To the ego, mistakes are failures. To the soul, there are no mistakes and there are no failures. There is only learning. The soul is here for the distinct purpose of unfolding its agenda in its earthly expression. Whatever is required for its evolution is grist for the mill and is taken on without consideration of the ego's suffering that may result.

"How long the road is. But for all the time the journey has already taken, how you have needed every second of it in order to learn what the road passes by." -- Dag Hammarskjöld

One reader, LearnerLine, posed this question last time:

But what does one do with a broken soul?



You see it in our homeless vets, struggling on the streets to come to terms with what they've experienced. You see it in the eyes of abused children, and of those children who have become adults. You can feel it in the vibes of war refugees. See it in the faces of victims of domestic violence. It is there in a good number of people walking this earth.

One wants to rebel and say that this should not be possible. That the soul should not be breakable, that such a thing cannot exist. But it does. With it comes a constant burden and a disabling weight that can drive a person to homelessness, helplessness and total despair.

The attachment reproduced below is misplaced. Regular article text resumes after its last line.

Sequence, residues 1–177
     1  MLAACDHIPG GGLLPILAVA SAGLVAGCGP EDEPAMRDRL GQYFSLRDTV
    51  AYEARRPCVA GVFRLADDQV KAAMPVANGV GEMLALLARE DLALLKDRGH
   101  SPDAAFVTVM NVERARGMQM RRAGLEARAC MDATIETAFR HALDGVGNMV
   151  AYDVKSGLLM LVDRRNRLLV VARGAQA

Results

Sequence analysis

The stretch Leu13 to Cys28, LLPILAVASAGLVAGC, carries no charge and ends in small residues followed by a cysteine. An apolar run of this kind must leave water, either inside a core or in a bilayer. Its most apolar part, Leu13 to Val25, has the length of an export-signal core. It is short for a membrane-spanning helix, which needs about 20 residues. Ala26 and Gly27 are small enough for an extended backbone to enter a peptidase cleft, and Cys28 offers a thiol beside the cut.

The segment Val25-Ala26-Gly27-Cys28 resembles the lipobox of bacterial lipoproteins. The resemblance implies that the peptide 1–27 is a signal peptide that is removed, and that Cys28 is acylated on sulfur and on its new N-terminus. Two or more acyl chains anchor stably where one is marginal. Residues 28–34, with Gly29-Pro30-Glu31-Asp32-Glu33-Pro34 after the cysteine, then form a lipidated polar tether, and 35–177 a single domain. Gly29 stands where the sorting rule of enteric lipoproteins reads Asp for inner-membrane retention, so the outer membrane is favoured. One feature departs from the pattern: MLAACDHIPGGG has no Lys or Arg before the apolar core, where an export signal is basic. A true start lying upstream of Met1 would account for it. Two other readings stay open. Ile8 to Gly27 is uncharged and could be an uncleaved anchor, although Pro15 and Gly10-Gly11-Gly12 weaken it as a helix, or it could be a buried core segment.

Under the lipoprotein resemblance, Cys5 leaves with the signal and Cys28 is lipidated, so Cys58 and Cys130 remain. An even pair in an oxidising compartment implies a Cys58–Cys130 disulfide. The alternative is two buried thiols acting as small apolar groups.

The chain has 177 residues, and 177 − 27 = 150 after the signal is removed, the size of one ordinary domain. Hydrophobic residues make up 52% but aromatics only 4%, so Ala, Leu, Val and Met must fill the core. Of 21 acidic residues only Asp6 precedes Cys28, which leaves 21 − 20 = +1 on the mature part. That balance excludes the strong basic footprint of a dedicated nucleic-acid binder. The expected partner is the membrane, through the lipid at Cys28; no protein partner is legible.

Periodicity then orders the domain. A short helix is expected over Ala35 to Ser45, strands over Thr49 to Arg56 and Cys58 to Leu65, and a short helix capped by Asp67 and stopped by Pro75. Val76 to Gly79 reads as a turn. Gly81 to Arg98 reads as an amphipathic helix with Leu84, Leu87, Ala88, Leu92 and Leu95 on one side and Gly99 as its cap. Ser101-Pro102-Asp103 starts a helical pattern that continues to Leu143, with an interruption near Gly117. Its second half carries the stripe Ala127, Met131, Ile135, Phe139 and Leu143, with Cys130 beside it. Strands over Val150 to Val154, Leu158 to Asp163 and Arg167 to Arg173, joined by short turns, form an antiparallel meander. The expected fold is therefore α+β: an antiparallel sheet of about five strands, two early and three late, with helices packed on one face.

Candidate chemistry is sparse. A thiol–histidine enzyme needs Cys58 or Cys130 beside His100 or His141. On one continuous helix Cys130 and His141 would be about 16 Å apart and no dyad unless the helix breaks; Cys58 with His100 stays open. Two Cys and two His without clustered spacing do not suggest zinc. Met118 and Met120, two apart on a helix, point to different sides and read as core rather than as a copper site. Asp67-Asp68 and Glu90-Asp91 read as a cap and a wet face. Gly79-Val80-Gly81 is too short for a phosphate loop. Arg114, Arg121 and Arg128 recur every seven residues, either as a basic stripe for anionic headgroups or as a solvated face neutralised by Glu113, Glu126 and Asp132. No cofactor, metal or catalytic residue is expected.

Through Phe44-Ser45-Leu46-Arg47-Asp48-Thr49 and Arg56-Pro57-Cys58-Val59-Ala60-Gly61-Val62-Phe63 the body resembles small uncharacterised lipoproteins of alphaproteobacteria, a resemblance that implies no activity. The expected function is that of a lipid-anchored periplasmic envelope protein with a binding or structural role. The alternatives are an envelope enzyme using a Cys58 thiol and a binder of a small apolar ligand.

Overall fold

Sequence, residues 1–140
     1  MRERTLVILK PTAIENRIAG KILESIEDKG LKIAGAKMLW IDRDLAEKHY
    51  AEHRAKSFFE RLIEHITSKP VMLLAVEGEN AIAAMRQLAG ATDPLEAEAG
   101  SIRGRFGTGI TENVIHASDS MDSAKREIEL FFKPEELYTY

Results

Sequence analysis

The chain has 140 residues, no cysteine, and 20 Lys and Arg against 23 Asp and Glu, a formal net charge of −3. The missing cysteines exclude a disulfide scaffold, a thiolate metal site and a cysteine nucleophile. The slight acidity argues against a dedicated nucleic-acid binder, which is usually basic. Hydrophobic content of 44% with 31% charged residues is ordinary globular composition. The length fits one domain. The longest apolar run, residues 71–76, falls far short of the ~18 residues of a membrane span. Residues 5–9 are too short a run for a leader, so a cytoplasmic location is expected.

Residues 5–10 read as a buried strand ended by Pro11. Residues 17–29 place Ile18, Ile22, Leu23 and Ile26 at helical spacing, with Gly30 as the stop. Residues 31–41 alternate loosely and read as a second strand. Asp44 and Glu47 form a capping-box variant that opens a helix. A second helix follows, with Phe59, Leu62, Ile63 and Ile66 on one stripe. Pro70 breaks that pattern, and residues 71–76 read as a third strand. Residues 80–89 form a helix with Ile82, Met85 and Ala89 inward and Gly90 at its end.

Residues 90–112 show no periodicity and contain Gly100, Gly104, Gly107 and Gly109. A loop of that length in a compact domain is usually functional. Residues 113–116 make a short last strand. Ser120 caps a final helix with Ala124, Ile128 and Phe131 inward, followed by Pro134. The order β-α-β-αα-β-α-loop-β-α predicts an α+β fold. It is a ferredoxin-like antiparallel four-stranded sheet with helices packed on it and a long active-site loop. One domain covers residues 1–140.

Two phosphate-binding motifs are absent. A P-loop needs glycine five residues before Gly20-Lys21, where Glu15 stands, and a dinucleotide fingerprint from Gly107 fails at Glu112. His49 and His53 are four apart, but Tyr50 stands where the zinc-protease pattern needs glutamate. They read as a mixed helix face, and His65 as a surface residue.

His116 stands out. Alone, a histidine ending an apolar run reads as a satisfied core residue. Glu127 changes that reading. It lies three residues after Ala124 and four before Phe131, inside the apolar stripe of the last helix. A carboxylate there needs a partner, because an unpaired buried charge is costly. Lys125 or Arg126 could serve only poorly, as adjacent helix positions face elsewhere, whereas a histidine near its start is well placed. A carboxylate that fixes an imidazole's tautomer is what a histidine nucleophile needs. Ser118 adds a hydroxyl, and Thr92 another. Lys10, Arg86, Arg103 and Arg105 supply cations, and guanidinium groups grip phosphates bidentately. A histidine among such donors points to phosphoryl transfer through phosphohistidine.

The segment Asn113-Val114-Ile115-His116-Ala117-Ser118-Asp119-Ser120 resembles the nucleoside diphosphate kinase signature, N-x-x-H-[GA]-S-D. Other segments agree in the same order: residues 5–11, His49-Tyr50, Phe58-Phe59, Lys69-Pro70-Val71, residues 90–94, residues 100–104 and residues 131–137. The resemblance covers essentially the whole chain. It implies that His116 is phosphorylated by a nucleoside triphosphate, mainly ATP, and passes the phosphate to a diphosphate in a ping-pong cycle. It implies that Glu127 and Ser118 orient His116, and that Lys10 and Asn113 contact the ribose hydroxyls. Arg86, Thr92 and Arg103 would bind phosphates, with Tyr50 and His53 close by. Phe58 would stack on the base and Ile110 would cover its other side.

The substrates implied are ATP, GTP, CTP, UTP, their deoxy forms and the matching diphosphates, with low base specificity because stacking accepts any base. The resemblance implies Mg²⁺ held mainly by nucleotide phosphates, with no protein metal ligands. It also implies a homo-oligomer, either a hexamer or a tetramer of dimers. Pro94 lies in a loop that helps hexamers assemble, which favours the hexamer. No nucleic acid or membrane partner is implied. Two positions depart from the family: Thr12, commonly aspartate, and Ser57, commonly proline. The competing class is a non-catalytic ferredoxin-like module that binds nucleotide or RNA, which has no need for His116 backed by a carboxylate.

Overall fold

In response to LearnerLine's questions, even more questions arise: How does the individual soul relate to the soul of the world and how does the loss of soul in a human being reflect the loss of soul in the world?

We live in a world that does not recognize the aspect of soul, even as the world itself is an expression of our collective soul consciousness. In seeking answers to the "lost or broken" souls of individuals, we must also address the loss of soul in a world that provides little time or space for the kind of activities that nurture the soul, like time spent in solitude and silence, the appreciation of art and beauty and pursuits of the imagination and yes, even suffering.

It might sound cold and calculating to say that if a soul's journey requires great suffering to be included in the curriculum, it will not avoid that part of the curriculum. But we live in a world and in a culture that wishes to avoid pain at all costs, so the soul's ability to get to its truth, painful as that may be, is most often thwarted by those who think the solution is to "fix" or "cure" the conditions or symptoms we call "broken" or "lost."